Lönnrot Elias - The Kalevala

Author : Lönnrot Elias
Title : The Kalevala The epic poem of Finland
Year : 1888

Link download : Lonnrot_Elias_-_The_Kalevala.zip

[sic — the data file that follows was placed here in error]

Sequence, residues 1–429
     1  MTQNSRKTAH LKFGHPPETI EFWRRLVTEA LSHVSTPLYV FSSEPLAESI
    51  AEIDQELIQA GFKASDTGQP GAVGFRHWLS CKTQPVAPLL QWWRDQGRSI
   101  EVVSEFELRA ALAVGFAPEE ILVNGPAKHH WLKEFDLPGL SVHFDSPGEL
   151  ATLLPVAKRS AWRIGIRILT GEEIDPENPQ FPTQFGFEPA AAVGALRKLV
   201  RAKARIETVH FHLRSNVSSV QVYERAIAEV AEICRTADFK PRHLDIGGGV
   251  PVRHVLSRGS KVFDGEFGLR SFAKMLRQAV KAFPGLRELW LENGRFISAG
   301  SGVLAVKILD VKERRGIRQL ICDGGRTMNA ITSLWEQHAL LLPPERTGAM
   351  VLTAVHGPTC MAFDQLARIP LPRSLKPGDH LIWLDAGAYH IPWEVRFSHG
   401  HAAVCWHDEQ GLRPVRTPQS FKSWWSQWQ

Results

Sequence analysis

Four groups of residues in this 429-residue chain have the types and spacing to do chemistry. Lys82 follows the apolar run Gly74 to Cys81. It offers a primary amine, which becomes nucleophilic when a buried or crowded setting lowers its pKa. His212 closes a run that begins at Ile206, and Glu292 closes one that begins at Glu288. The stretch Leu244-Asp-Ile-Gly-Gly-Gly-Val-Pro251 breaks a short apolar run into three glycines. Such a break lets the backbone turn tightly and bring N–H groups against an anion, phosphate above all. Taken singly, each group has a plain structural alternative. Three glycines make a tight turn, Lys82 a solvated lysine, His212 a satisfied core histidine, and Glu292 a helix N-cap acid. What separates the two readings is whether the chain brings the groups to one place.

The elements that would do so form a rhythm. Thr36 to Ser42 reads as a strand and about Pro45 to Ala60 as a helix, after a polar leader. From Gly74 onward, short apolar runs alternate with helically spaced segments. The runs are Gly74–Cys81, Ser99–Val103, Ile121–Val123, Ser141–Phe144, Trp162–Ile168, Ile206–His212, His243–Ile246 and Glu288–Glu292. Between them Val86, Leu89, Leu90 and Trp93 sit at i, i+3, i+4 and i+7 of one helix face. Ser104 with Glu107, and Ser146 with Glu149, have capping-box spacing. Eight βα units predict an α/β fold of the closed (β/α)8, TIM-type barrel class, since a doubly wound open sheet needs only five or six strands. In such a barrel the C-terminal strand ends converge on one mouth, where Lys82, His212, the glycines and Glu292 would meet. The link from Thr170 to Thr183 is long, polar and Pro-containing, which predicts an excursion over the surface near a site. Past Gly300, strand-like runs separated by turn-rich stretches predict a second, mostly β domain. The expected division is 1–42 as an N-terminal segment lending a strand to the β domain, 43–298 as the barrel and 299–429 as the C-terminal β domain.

The following translation was undertaken from a desire to lay before the English-speaking people the full treasury of epical beauty, folklore, and mythology comprised in The Kalevala, the national epic of the Finns. A brief description of this peculiar people, and of their ethical, linguistic, social, and religious life, seems to be called for here in order that the following poem may be the better understood. Finland (Finnish, Suomi or Suomenmaa, the swampy region, of which Finland, or Fen-land is said to be a Swedish translation,) is at present a Grand-Duchy in the north-western part of the Russian empire, bordering on Olenetz, Archangel, Sweden, Norway, and the Baltic Sea, its area being more than 144,000 square miles, and inhabited by some 2,000,000 of people, the last remnants of a race driven back from the East, at a very early day, by advancing tribes. The Finlanders live in a land of marshes and mountains, lakes and rivers, seas, gulfs, islands, and inlets, and they call themselves Suomilainen, Fen-dwellers. The climate is more severe than that of Sweden. The mean yearly temperature in the north is about 270ºF., and about 38ºF., at Helsingfors, the capital of Finland. In the southern districts the winter is seven months long, and in the northern provinces the sun disappears entirely during the months of December and January. The inhabitants are strong and hardy, with bright, intelligent faces, high cheek-bones, yellow hair in early life, and with brown hair in mature age. With regard to their social habits, morals, and manners, all travellers are unanimous in speaking well of them. Their temper is universally mild; they are slow to anger, and when angry they keep silence. They are happy-hearted, affectionate to one another, and honorable and honest in their dealings with strangers. They are a cleanly people, being much given to the use of vapor-baths. This trait is a conspicuous note of their character from their earliest history to the present day. Often in the runes of The Kalevala reference is made to the "cleansing and healing virtues of the vapors of the heated bathroom." The skull of the Finn belongs to the brachycephalic (short-headed) class of Retzius. Indeed the Finnorganization has generally been regarded as Mongol, though Mongol of a modified type. His color is swarthy, and his eyes are gray. He is not inhospitable, but not over-easy of access; nor is he a friend of new fashions. Steady, careful, laborious, he is valuable in the mine, valuable in the field, valuable oil shipboard, and, withal, a brave soldier on land. The Finns are a very ancient people. It is claimed, too, that they began earlier than any other European nation to collect and preserve their ancient folk-lore. Tacitus, writing in the very beginning of the second century of the Christian era, mentions the Fenni, as he calls them, in the 46th chapter of his De Moribus Germanoram. He says of them: "The Finns are extremely wild, and live in abject poverty. They have no arms, no horses, no dwellings; they live on herbs, they clothe themselves in skins, and they sleep on the ground. Their only resources are their arrows, which for the lack of iron are tipped with bone." Strabo and the great geographer, Ptolemy, also mention this curious people. There is evidence that at one time they were spread over large portions of Europe and western Asia. Perhaps it should be stated here that the copper, so often mentioned in The Kalevala, when taken literally, was probably bronze, or "hardened copper," the amount and quality of the alloy used being not now known. The prehistoric races of Europe were acquainted with bronze implements. It may be interesting to note in this connection that Canon Isaac Taylor, and Professor Sayce have but very recently awakened great interest in this question, in Europe especially, by the reading of papers before the British Philological Association, in which they argue in favor of the Finnic origin of the Aryans. For this new theory these scholars present exceedingly strong evidence, and they conclude that the time of the separation of the Aryan from the Finnic stock must have been more than five thousand years ago. The Finnish nation has one of the most sonorous and flexible of languages. Of the cultivated tongues of Europe, the Magyar, or Hungarian, bears the most positive signs of a deep-rooted similarity to the Finnish. Both belong to the Ugrian stock of agglutinative languages, i.e., those which preserve the root most carefully, and effect all changes of grammar by suffixes attached to the original stein. Grimin has shown that both Gothic and Icelandic present traces of Finnish influence. The musical element of a language, the vowels, are well developed in Finnish, and their due sequence is subject to strict rules of euphony. The dotted ö; (equivalent to the French eu) of the first syllable must be followed by an e or an i. The Finnish, like all Ugrian tongues, admits rhyme, but with reluctance, and prefers alliteration. Their alphabet consists of but nineteen letters, and of these, b, c, d, f, g, are found only in a few foreign words, and many others are never found initial. One of the characteristic features of this language, and one that is likewise characteristic of the Magyar, Turkish, Mordvin, and other kindred tongues, consists in the frequent use of endearing diminutives. By a series of suffixes to the names of human beings, birds, fishes, trees, plants, stones, metals, and even actions, events, and feelings, diminutives are obtained, which by their form, present the names so made in different colors; they become more naïve, more childlike, eventually more roguish, or humorous, or pungent. These traits can scarcely be rendered in English; for, as Robert Ferguson remarks: "The English language is not strong in diminutives, and therefore it lacks some of the most effective means for the expression of affectionate, tender, and familiar relations." In this respect all translations from the Finnish into English necessarily must fall short of the original. The same might be said of the many emotional interjections in which the Finnish, in common with all Ugrian dialects, abounds. With the exception of these two characteristics of the Ugrian languages, the chief beauties of the Finnish verse admit of an apt rendering into English. The structure of the sentences is very simple indeed, and adverbs and adjectives are used sparingly. Finnish is the language of a people who live pre-eminently close to nature, and are at home amongst the animals of the wilderness, beasts and birds, winds, and woods, and waters, falling snows, and flying sands, and rolling rocks, and these are carefully distinguished by corresponding verbs of ever-changing acoustic import. Conscious of the fact that, in a people like the Finns where nature and nature-worship form the centre of all their life, every word connected with the powers and elements of nature must be given its fall value, great care has been taken in rendering these finely shaded verbs. A glance at the mythology of this interesting people will place the import of this remark in better view. In the earliest age of Suomi, it appears that the people worshiped the conspicuous objects in nature under their respective, sensible forms. All beings were persons. The Sun, Moon, Stars, the Earth, the Air, and the Sea, were to the ancient Finns, living, self-conscious beings. Gradually the existence of invisible agencies and energies was recognized, and these were attributed to superior persons who lived independent of these visible entities, but at the same time were connected with them. The basic idea in Finnish mythology seems to lie in this: that all objects in nature are governed by invisible deities, termed haltiat, regents or genii. These haltiat, like members of the human family, have distinctive bodies and spirits; but the minor ones are somewhat immaterial and formless, and their existences are entirely independent of the objects in which they are particularly interested. They are all immortal, but they rank according to the relative importance of their respective charges. The lower grades of the Finnish gods are sometimes subservient to the deities of greater powers, especially to those who rule respectively the air, the water, the field, and the forest. Thus, Pilajatar, the daughter of the aspen, although as divine as Tapio, the god of the woodlands, is necessarily his servant. One of the most notable characteristics of the Finnish mythology is the interdependence among the gods. "Every deity", says Castrén, "however petty he may be, rules in his own sphere as a substantial, independent power, or, to speak in the spirit of The Kalevala, as a self-ruling householder. The god of the Polar-star only governs an insignificant spot in the vault of the sky, but on this spot he knows no master." The Finnish deities, like the ancient gods of Italy and Greece, are generally represented in pairs, and all the gods are probably wedded. They have their individual abodes and are surrounded by their respective families. The Primary object of worship among the early Finns was most probably the visible sky with its sun, moon, and stars, its aurora-lights, its thunders and its lightnings. The heavens themselves were thought divine. Then a personal deity of the heavens, coupled with the name of his abode, was the next conception; finally this sky-god was chosen to represent the supreme Ruler. To the sky, the sky-god, and the supreme God, the term Jumala (thunder-home) was given. In course of time, however, when the Finns came to have more purified ideas about religion, they called the sky Taivas and the sky-god Ukko. The word, Ukko, seems related to the Magyar Agg, old, and meant, therefore, an old being, a grandfather; but ultimately it came to be used exclusively as the name of the highest of the Finnish deities. Frost, snow, hail, ice, wind and rain, sunshine and shadow, are thought to come from the hands of Ukko. He controls the clouds; he is called in The Kalevala, "The Leader of the Clouds," "The Shepherd of the Lamb- Clouds," "The God of the Breezes," "The Golden King," "The Silvern Ruler of the Air," and "The Father of the Heavens." He wields the thunder-bolts, striking down the spirits of evil on the mountains, and is therefore termed, "The Thunderer," like the Greek Zeus, and his abode is called, "The Thunder-Home." Ukko is often represented as sitting upon a cloud in the vault of the sky, and bearing on his shoulders the firmament, and therefore he is termed, "The Pivot of the Heavens." He is armed as an omnipotent warrior; his fiery arrows are forged from copper, the lightning is his sword, and the rainbow his bow, still called Ukkon Kaari. Like the German god, Thor, Ukko swings a hammer; and, finally, we find, in a vein of familiar symbolism, that his skirt sparkles with fire, that his stockings are blue, and his shoes, crimson colored. In the following runes, Ukko here and there interposes. Thus, when the Sun and Moon were stolen from the heavens, and hidden away in a cave of the copper-bearing mountain, by the wicked hostess of the dismal Sariola, he, like Atlas in the mythology of Greece, relinquishes the support of the heavens, thunders along the borders of the darkened clouds, and strikes fire from his sword to kindle a new sun and a new moon. Again, when Lemminkainen is hunting the fire-breathing horse of Piru, Ukko, invoked by the reckless hero, checks the speed of the mighty courser by opening the windows of heaven, and showering upon him flakes of snow, balls of ice, and hailstones of iron. Usually, however, Ukko prefers to encourage a spirit of independence among his worshipers. Often we find him, in the runes, refusing to heed the call of his people for help, as when Ilmatar, the daughter of the air, vainly invoked him to her aid, that Wainamoinen, already seven hundred years unborn, might be delivered. So also Wainamoinen beseeches Ukko in vain to check the crimson streamlet flowing from his knee wounded by an axe in the hands of Hisi. Ukko, however, with all his power, is by no means superior to the Sun, Moon, and other bodies dwelling in the heavens; they are uninfluenced by him, and are considered deities in their own right. Thus, Pæivæ means both sun and sun-god; Kun means moon and moon-god; and Tæhti and Ottava designate the Polar-star and the Great Bear respectively, as well as the deities of these bodies. The Sun and the Moon have each a consort, and sons, and daughters. Two sons only of Pæivæ appear in The Kalevala, one comes to aid Wainamoinen in his efforts to destroy the mystic Fire-fish, by throwing from the heavens to the girdle of the hero, a "magic knife, silver-edged, and golden-handled;" the other son, Panu, the Fire-child, brings back to Kalevala the fire that bad been stolen by Louhi, the wicked hostess of Pohyola. From this myth Castrén argues that the ancient Finns regarded fire as a direct emanation from the Sun. The daughters of the Sun, Moon, Great Bear, Polar-star, and of the other heavenly dignitaries, are represented as ever-young and beautiful maidens, sometimes seated on the bending branches of the forest-trees, sometimes on the crimson rims of the clouds, sometimes on the rainbow, sometimes on the dome of heaven. These daughters are believed to be skilled to perfection in the arts of spinning and weaving, accomplishments probably attributed to them from the fanciful likeness of the rays of light to the warp of the weaver's web. The Sun's career of usefulness and beneficence in bringing light and life to Northland is seldom varied. Occasionally he steps from his accustomed path to give important information to his suffering worshipers. For example, when the Star and the Moon refuse the information, the Sun tells the Virgin Mariatta, where her golden infant lies bidden. "Yonder is thy golden infant, There thy holy babe lies sleeping, Hidden to his belt in water, Hidden in the reeds and rushes." Again when the devoted mother of the reckless hero, Lemminkainen, (chopped to pieces by the Sons Of Nana, as in the myth of Osiris) was raking together the fragments of his body from the river of Tuoui, and fearing that the sprites of the Death-stream might resent her intrusion, the Sun, in answer to her entreaties, throws his Powerful rays upon the dreaded Shades, and sinks them into a deep sleep, while the mother gathers up the fragments of her son's body in safety. This rune of the Kalevala is particularly interesting as showing the belief that the dead can be restored to life through the blissful light of heaven. Among the other deities of the air are the Luonnotars, mystic maidens, three of whom were created by the rubbing of Ukko's hands upon his left knee. They forthwith walk the crimson borders of the clouds, and one sprinkles white milk, one sprinkles red milk, and the third sprinkles black milk over the hills and mountains; thus they become the "mothers of iron," as related in the ninth rune of The Kalevala. In the highest regions of the heavens, Untar, or Undutar, has her abode, and presides over mists and fogs. These she passes through a silver sieve before sending them to the earth. There are also goddesses of the winds, one especially noteworthy, Suvetar (suve, south, summer), the goddess of the south-wind. She is represented as a kind-hearted deity, healing her sick and afflicted followers with honey, which she lets drop from the clouds, and she also keeps watch over the herds grazing in the fields and forests. Second only to air, water is the element held most in reverence by the Finns and their kindred tribes. "It could hardly be otherwise," says Castrén, "for as soon as the soul of the savage began to suspect that the godlike is spiritual, super-sensual, then, even though he continues to pay reverence to matter, he in general values it the more highly the less compact it is. He sees on the one hand how easy it is to lose his life on the surging waves, and on the other, he sees that from these same waters he is nurtured, and his life prolonged." Thus it is that the map of Finland is to this day full of names like Pyhöjärvi (sacred lake) and Pyhäjoki (sacred river). Some of the Finlanders still offer goats and calves to these sacred waters; and many of the Ugrian clans still sacrifice the reindeer to the river Ob. In Esthonia is a rivulet, Vöhanda, held in such reverence that until very recently, none dared to fell a tree or cut a shrub in its immediate vicinity, lest death should overtake the offender within a year, in punishment for his sacrilege. The lake, Eim, is still held sacred by the Esthonians, and the Eim-legend is thus told by F. Thiersch, quoted also by Grimm and by Mace da Charda: "Savage, evil men dwelt by its borders. They neither mowed the meadows which it watered, nor sowed the fields which it made fruitful, but robbed and murdered, insomuch that its clear waves grew dark with the blood of the slaughtered men. Then did the lake Him mourn, and one evening it called together all its fishes, and rose aloft with them into the air. When the robbers heard the sound, they exclaimed: 'Eim hath arisen; let us gather its fishes and treasures.' But the fishes had departed with the lake, and nothing was found on the bottom but snakes, and lizards, and toads. And Eim rose higher, and higher, and hastened through the air like a white cloud. And the hunters in the forest said: 'What bad weather is coming on!' The herdsmen said: 'What a white swan is flying above there!' For the whole night the lake hovered among the stars, and in the morning the reapers beheld it sinking. And from the swan grew a white ship, and from the ship a dark train of clouds; and a voice came from the waters: 'Get thee hence with thy harvest, for I will dwell beside thee.' Then they bade the lake welcome, if it would only bedew their fields and meadows; and it sank down and spread itself out in its home to the full limits. Then the lake made all the neighborhood fruitful, and the fields became green, and the people danced around it, so that the old men grew joyous as the youth." The chief water-god is Ahto, on the etymology of which the Finnish language throws little light. It is curiously like Ahti, another name for the reckless Lemminkainen. This water-god, or "Wave-host," as he is called, lives with his "cold and cruel-hearted spouse," Wellamo, at the bottom of the sea, in the chasms of the Salmon-rocks, where his palace, Ahtola, is constructed. Besides the fish that swim in his dominions, particularly the salmon, the trout, the whiting, the perch, the herring, and the white-fish, he possesses a priceless treasure in the Sampo, the talisman of success, which Louhi, the hostess of Pohyola, dragged into the sea in her efforts to regain it from the heroes of Kalevala. Ever eager for the treasures of others, and generally unwilling to return any that come into his possession, Ahto is not incapable of generosity. For example, once when a shepherd lad was whittling a stick on the bank of a river, he dropped his knife into the stream. Ahto, as in the fable, "Mercury and the Woodman," moved by the tears of the unfortunate lad, swam to the scene, dived to the bottom, brought up a knife of gold, and gave it to the young shepherd. Innocent and honest, the herd-boy said the knife was not his. Then Ahto dived again, and brought up a knife of silver, which he gave to the lad, but this in turn was not accepted. Thereupon the Wave-host dived again, and the third time brought the right knife to the boy who gladly recognized his own, and received it with gratitude. To the shepherd-lad Ahto gave the three knives as a reward for his honesty. A general term for the other water-hosts living not only in the sea, but also in the rivers, lakes, cataracts, and fountains, is Ahtolaiset (inhabitants of Ahtola), "Water-people," "People of the Foam and Billow," "Wellamo's Eternal People." Of these, some have specific names; as Allotar (wave-goddess), Koskenneiti (cataract-maiden), Melatar (goddess of the helm), and in The Kalevala these are sometimes personally invoked. Of these minor deities, Pikku Mies (the Pigmy) is the most noteworthy. Once when the far-outspreading branches of the primitive oak-tree shut out the light of the sun from Northland, Pikku Mies, moved by the entreaties of Wainamoinen, emerged from the sea in a suit of copper, with a copper hatchet in his belt, quickly grew from a pigmy to a gigantic hero, and felled the mighty oak with the third stroke of his axe. In general the water-deities are helpful and full of kindness; some, however, as Wetehilien and Iku-Turso, find their greatest pleasure in annoying and destroying their fellow-beings. Originally the Finlanders regarded the earth as a godlike existence with personal powers, and represented as a beneficent mother bestowing peace and plenty on all her worthy worshipers. In evidence of this we find the names, Maa-emæ (mother-earth), and Maan-emo (mother of the earth), given to the Finnish Demeter. She is always represented as a goddess of great powers, and, after suitable invocation, is ever willing and able to help her helpless sufferers. She is according to some mythologists espoused to Ukko, who bestows upon her children the blessings of sunshine and rain, as Gé is wedded to Ouranos, Jordh to Odhin, and Papa to Rangi. ...